The National Space Society and the Space Exploration Alliance invite you to participate in the annual Legislative Blitz in Washington, D.C. from February 27 to March 1. The 2011 Blitz comes at a crucial moment. In September 2010, Congress passed the NASA Authorization Act of 2010. It is now time for Congress to enact legislation that appropriates the required funding in compliance with the Authorization Act. You can register to participate for the Legislative Blitz by clicking here, or for more information contact Rick Zucker at rick.zucker@nss.org. (2/14)

Russia Says Foreign Power May Have Caused Spy Satellite Loss (Source: AFP)
The Russian space agency suggested Monday that a foreign power may have been behind the space accident that disabled one of the country's most modern military satellites earlier this month. Russia on February 1 launched a high-tech Geo-IK-2 craft to help the military draw a three-dimensional map of the Earth and locate the precise positions of various targets. News reports said the satellite was a vital part of Russia's effort to match the United States and NATO's ability to target its missiles from space.

But the craft briefly went missing after its launch only to re-emerge in a wrong orbit that left the craft unable to complete its assigned task. The Russian military and space agency set up a joint task force to probe the accident but it has presented no official results thus far. One unnamed space official said however that initial evidence suggested that the craft went off target after one of its booster rockets inexplicably reversed course.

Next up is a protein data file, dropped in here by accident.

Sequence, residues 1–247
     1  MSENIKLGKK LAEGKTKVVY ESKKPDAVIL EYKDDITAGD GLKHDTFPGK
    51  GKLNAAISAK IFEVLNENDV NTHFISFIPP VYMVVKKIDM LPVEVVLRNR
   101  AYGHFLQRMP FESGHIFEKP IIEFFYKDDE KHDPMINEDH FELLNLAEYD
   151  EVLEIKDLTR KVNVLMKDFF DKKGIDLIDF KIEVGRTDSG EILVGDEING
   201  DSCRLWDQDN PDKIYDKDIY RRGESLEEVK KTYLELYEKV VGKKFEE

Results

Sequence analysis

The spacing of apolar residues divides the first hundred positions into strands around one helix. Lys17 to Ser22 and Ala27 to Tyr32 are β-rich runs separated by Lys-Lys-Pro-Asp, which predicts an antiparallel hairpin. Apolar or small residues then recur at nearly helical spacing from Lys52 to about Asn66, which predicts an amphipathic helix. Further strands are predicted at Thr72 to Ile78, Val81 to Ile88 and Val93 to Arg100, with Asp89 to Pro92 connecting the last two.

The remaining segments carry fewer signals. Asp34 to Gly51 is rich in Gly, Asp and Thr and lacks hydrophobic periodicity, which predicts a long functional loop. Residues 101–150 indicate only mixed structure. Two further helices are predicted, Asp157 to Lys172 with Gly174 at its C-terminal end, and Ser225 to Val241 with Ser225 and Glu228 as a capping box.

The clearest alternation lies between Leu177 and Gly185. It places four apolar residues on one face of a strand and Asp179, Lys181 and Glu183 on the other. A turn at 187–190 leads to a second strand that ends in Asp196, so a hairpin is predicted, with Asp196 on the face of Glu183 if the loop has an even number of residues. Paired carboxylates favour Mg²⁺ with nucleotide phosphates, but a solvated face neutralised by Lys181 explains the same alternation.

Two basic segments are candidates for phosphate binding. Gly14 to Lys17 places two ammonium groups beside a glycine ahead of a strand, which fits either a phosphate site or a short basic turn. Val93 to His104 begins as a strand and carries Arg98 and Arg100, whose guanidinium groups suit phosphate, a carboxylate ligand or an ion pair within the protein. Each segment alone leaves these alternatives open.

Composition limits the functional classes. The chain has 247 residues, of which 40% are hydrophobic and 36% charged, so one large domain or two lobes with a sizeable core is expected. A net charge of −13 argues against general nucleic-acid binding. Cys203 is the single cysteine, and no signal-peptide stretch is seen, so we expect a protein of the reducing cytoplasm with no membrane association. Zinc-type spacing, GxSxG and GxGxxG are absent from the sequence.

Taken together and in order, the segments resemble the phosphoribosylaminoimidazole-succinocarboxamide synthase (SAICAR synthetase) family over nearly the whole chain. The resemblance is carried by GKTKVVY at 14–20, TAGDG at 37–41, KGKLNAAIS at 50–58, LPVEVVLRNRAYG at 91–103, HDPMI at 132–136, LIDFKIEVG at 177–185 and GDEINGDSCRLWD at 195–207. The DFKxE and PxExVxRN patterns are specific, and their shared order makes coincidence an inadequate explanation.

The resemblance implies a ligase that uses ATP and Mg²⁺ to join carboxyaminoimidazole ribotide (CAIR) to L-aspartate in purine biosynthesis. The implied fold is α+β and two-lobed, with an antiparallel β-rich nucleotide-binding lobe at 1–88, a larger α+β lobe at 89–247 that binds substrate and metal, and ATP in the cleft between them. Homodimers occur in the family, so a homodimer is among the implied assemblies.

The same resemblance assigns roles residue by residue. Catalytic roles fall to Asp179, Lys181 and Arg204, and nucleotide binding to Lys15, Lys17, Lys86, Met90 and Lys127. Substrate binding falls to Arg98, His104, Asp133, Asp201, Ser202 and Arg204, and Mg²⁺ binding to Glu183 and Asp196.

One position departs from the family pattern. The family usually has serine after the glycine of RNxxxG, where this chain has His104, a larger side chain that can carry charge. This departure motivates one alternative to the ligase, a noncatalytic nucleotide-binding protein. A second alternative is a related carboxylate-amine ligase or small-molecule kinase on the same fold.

"The probable cause may involve electromagnetic intrusion on the automatic controls," the unnamed space official said. The official did not identify the country he suspected of trying to derail the Russian military mission. But Moscow frequently accuses Washington of attempting to "militarize" space. The space official conceded that there may have been other reasons for the launch failure. These included the wrong operations being programmed into the guidance system and other software mistakes. (2/14)

Alabama Sen. Jeff Sessions Leads Attack on Obama's 2012 Budget (Source: Birmingham News)
President Barack Obama's proposed budget for 2012 was released on Monday, but for weeks Sen. Jeff Sessions has been preemptively critical. The Alabama Republican is now the top GOP member of the Senate Budget Committee, and he's asserting himself more aggressively than ever in the debate over the federal deficit and government spending. "It's just breathtaking to me he's shown so little leadership," Sessions has said repeatedly.

"It does need to be worked out in a way that people feel like everybody took the same lumps." NASA, for example, has been in the crosshairs recently, rattling the Huntsville community around Marshall Space Flight Center. "We're going to watch out for NASA. There is no need for NASA to be savaged or its mission abandoned, but can it be challenged to take a trim? Yes. Every agency is going to have to face trimming," he said. (2/14)

Buyout of Hughes Causes Shareholder Claim Investigations (Source: Business Wire)
Goldfarb Branham LLP is investigating whether the Board of Directors of Hughes Communications violated shareholder protection laws in connection with the buyout offer by EchoStar Corp. for $60.70 per share. Editor's Note: Upon the release of news regarding the Hughes buyout, two law firms issued news releases announcing their investigation of shareholder protection violations, inviting shareholders to contact them, presumably to enlist litigants. (2/14)